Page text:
Bold & ambitious: Innovation in Ayumi Hamasaki’s (miss)understood

On January 1, Ayumi Hamasaki marked the 15th anniversary of her seventh studio album (miss)understood, which seems as good a time as any to celebrate one of her last truly great, ground-breaking, and all-around amazing albums.

It’s amazing how observing wild animals in their natural habitat can help lend clarity to human behavior. In his New York Times-Notable Book of the Year, Becoming Wild: How Animal Cultures Raise Families, Create Beauty, and Achieve Peace, Carl Safina observes sperm whales, scarlet macaws, and chimpanzees, drawing fascinating parallels between their world and that of humans. Here’s one line of thought that I kept circling back to in the course of reading: is it inevitable that cultural innovators will become conformists over the course of time? It started with Safina’s rumination on “culture”:

One definition of culture that is pretty good is: “the way we do things.” Behavior is what we do; how we do it–is culture. […] But one big thing is missing from that definition: to have culture, someone must do something that is NOT the way we do things. We live in an automobile culture, but only because an innovator invented an automobile. We listen to rock music, but one person electrified the age-old guitar. Ironically, culture–a process of learning and conformity–depends on individuals who don’t entirely conform to the way we do things. Culture depends both on doing what you’ve seen done–AND on someone, at some point, doing what no one has ever seen done.” (47)

Not only in terms of sheer numbers, but in reach and depth, it is inarguable that Ayumi Hamasaki was one of the great innovators of J-pop culture in the early 00s, and I would argue that (miss)understood was one of the last times she released an album unlike anything else in the genre, and unlike anything she herself had ever done. It was one of the last times her music, and not just her fashion or personal life, made an impact on the industry, changing the way record labels approached the creation and packaging of solo artist/performers, due to both circumstance (the resurgence of idols and idol groups like AKB48, who were just about to release their debut single “Sakura no Hanabiratachi,” and decline of female solo artist/performers as we knew it, notably marked by Hikaru Utada’s hiatus two years later) and the beginning of her focus on other aspects of her career at the expense of the music, which she no longer had a hand in composing by her sixth album MY STORY (though she continued to write lyrics). (miss)understood, was, in many ways, the last time Ayumi Hamasaki seems to have effectively (hang on, Colours-fans) created an album with a risky, over tried-and-true, approach, taking a chance on a style she had till then never explored. It is an album that demonstrates exactly how Ayumi was the massive star she was, and why she deserved the recognition and status as a massive force and principal creator — that fabled “innovator” Safina is referring to — in Japanese pop culture for nearly a decade.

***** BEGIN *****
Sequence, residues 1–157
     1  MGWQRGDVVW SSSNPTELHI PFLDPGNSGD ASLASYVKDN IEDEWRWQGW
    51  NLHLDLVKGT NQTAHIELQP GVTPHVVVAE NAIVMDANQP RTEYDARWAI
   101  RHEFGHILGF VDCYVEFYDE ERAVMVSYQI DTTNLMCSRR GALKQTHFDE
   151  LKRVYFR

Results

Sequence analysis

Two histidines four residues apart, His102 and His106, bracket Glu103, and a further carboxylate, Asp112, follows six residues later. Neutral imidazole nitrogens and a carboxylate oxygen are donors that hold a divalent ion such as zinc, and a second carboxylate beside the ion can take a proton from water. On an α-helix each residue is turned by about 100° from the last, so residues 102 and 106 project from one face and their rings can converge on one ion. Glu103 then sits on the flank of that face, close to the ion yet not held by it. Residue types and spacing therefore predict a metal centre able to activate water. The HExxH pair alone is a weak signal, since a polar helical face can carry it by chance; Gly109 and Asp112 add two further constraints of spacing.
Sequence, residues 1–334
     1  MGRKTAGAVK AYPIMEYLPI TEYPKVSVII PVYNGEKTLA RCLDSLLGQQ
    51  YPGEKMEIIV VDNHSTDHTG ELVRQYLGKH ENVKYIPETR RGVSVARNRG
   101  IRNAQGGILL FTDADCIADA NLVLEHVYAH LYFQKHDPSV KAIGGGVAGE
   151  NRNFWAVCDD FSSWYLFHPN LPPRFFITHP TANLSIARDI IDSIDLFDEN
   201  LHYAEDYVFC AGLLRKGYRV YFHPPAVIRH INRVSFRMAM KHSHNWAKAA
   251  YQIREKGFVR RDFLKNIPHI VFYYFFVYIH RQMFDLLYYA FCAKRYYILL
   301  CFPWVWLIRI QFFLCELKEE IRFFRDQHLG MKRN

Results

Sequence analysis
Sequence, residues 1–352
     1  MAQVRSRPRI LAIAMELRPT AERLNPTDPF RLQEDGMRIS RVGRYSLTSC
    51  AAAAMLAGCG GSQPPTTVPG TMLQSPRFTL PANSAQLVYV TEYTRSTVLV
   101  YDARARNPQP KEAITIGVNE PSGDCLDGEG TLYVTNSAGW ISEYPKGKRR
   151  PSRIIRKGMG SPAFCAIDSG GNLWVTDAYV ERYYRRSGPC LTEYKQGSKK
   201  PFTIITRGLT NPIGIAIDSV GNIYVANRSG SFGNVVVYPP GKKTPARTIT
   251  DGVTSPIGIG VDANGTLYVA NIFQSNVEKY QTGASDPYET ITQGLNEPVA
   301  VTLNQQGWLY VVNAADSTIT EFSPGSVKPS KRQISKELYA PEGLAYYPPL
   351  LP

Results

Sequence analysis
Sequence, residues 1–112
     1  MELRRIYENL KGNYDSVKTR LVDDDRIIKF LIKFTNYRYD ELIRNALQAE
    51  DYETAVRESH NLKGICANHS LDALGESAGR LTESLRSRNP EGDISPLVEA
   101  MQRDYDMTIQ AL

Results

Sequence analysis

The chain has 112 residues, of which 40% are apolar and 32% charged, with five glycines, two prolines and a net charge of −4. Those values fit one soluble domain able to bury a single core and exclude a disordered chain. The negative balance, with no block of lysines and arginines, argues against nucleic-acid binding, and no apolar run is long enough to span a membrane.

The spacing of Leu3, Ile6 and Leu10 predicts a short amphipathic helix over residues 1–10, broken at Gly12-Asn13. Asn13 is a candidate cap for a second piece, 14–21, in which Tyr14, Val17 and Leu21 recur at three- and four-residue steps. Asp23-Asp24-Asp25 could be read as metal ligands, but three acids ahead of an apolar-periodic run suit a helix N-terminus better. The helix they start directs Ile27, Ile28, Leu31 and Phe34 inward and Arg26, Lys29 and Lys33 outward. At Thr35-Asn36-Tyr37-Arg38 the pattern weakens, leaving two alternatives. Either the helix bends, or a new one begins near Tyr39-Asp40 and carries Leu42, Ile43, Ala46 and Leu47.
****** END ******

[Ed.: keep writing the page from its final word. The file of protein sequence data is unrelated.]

This is not to say that Ayumi stopped releasing great albums or songs, but rather that she found a musical space within which comfortable and safe slowly started to take precedent over experimentation. The difference between all four of her first albums, from A Song for XX to I am…, all sound vastly different from the one next to it, while the sound and production of Secret and GUILTY sound very similar, as does nearly everything from Love songs to M(A)DE IN JAPAN. A couple of albums (and singles) stick out in terms of quality, with a few going the extra mile in terms of concept, like NEXT LEVEL or Party Queen, but nearly all carry the distinctive hallmarks springing from the foundation she laid down in the early 00s. In 2002, everyone wanted to be and sound like Ayumi, but by 2012, the musical and cultural landscape had changed so wholly, from Yasutaka Nakata and the emergence of electronic music, to the influence of K-pop, that Ayumi was now a stark alternative rather than a driver of any one of these trends. To her admirable credit, with only a few exceptions, she rarely jumped onto any bandwagon, choosing instead to forge her own path, for better or worse; as she famously quipped in response to a press inquiry about K-pop: “I don’t really care if it’s trendy or not. I (stick) to my own style.”

While I never stopped being a fan, (miss)understood did mark a line for me, one from where I could never cross back. The moment “Startin’” and its music video were released, was one in which the rose-colored glasses of naive, uncompromising fandom could never overshadow the critical antennae necessary for deep analysis. It would take a few years before I learned that a critical eye doesn’t spell doom for our most treasured past times and pop stars, that instead, it does the important work of allowing one to question and examine closely with intelligence and detail, and that it can deepen empathy and a better understanding of people, and celebrities in particular, in all of their flawed and very real humanity. It is, in fact, programmed to reveal complexity and heighten appreciation. But in between that time, both history and I had changed.